Exercise 2.2.2

Consider sorting $n$ numbers in an array $A$ by first finding the smallest element of $A$ and exchanging it with the element in $A[1]$. Then find the second smallest element of $A$, and exchange it with $A[2]$. Continue in this manner for the first $n - 1$ elements of $A$. Write pseudocode for this algorithm, which is known as selection sort. What loop invariants does this algorithm maintain? Why does it need to run for only the first $n - 1$ elements, rather than for all $n$ elements? Give the best-case and the worst-case running times of selection sort in $\Theta$-notation.


  for i = 1 to A.length - 1
      min = i
      for j = i + 1 to A.length
          if A[j] < A[min]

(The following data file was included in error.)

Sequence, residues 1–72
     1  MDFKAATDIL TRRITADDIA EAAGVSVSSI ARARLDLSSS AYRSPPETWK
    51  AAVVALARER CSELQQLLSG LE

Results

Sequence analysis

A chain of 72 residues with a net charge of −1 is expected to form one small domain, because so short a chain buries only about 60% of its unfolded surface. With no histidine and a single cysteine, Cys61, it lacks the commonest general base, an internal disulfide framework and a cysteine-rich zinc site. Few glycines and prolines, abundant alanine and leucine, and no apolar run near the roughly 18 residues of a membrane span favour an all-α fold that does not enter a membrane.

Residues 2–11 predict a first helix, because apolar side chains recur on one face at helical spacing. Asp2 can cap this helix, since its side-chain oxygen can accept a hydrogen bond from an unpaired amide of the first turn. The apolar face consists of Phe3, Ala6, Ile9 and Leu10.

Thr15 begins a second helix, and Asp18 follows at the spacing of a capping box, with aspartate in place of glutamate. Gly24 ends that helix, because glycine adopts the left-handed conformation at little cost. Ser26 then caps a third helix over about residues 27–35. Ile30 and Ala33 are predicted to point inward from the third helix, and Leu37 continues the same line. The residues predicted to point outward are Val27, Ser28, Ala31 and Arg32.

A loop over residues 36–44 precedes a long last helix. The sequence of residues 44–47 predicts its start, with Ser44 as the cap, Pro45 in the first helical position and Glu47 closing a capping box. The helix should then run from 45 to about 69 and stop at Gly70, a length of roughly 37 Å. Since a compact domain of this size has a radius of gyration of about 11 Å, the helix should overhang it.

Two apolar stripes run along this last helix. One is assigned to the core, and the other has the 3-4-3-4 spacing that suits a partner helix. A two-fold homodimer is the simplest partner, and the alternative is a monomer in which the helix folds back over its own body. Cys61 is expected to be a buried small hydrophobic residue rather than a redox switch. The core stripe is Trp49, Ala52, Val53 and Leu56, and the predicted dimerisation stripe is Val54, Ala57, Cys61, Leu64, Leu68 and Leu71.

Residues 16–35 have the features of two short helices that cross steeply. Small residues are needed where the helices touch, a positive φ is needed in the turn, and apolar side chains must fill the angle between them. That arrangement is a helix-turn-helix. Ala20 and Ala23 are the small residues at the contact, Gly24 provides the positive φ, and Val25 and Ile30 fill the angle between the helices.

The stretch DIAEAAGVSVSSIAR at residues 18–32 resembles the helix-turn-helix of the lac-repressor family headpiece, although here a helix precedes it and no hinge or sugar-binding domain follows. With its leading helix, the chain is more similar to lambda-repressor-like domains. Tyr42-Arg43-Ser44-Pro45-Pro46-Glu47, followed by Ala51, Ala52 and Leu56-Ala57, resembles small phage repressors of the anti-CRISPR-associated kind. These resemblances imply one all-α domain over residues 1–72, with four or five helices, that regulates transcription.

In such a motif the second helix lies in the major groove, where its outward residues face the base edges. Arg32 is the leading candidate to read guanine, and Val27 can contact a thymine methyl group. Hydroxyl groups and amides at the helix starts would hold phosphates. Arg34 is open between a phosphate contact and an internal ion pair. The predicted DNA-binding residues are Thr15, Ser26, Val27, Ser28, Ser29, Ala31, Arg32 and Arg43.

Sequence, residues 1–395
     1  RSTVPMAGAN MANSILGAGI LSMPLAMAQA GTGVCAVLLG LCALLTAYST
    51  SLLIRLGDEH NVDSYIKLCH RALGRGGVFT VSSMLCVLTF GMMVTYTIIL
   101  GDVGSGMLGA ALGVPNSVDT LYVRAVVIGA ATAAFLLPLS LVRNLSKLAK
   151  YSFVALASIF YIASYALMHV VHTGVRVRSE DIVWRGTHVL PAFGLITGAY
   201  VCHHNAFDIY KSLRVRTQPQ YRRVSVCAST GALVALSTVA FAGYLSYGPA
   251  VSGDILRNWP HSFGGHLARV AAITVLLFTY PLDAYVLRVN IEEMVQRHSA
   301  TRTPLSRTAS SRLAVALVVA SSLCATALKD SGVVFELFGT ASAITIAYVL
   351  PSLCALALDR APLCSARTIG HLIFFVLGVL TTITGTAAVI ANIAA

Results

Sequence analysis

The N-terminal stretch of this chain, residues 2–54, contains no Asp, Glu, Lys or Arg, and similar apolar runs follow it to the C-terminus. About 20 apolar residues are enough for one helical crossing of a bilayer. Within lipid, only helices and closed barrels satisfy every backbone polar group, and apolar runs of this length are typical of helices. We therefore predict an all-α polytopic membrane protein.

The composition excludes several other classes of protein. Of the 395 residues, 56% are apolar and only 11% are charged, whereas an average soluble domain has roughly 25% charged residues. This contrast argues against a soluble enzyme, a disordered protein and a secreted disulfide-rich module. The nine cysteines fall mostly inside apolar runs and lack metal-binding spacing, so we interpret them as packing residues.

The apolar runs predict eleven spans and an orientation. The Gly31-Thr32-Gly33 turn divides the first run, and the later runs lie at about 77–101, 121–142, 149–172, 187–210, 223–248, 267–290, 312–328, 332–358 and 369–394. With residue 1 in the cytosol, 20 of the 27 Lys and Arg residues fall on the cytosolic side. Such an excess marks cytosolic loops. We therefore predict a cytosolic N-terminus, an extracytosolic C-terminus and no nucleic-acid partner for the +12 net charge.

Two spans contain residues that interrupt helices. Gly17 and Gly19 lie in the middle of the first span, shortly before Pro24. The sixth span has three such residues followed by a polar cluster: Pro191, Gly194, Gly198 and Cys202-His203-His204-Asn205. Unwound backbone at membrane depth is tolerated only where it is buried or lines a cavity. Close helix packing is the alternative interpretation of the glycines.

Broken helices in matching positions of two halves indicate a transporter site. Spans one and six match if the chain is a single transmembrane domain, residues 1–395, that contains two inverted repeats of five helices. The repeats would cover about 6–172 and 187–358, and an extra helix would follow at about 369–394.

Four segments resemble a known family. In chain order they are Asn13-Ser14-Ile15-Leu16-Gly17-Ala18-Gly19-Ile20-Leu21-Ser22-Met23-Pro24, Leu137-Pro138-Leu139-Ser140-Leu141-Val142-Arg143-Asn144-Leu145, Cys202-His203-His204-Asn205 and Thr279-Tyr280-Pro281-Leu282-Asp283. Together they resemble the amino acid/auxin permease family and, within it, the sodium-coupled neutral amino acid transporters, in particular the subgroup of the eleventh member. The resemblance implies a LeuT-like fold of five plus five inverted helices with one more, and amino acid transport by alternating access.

min = j
      temp = A[i]
      A[i] = A[min]
      A[min] = temp

Loop invariants

At the start of each iteration of the outer for loop, the subarray $A[1..i - 1]$ contains the smallest $i - 1$ elements of the array, sorted in nondecreasing order.


At the start of each iteration of the inner for loop, $A[min]$ is the smallest number in the subarray $A[i..j - 1]$.

Why $n - 1$ elements?

In the final step, the algorithm will be left with two elements to compare. It will store the smaller one in $A[n-1]$ and leave the larger in $A[n]$. The final one will be the largest element of the array, since all the previous iteration would have sorted all but the last two elements (the outer loop invariant). If we do it $n$ times, we will end up with a redundant step that sorts a single-element subarray.

Running times

In the best-case time (the array is sorted), the body of the if is never invoked. The number of operations (counting the comparison as one operation) is:

$$ (n - 1)(\frac{n + 2}{2} + 4) $$

In the worst-case time (the array is reversed), the body of the if is invoked on every occasion, which doubles the number of steps in the inner loop, that is:

$$ (n - 1)(n + 6) $$

Both are clearly $\Theta(n^2)$.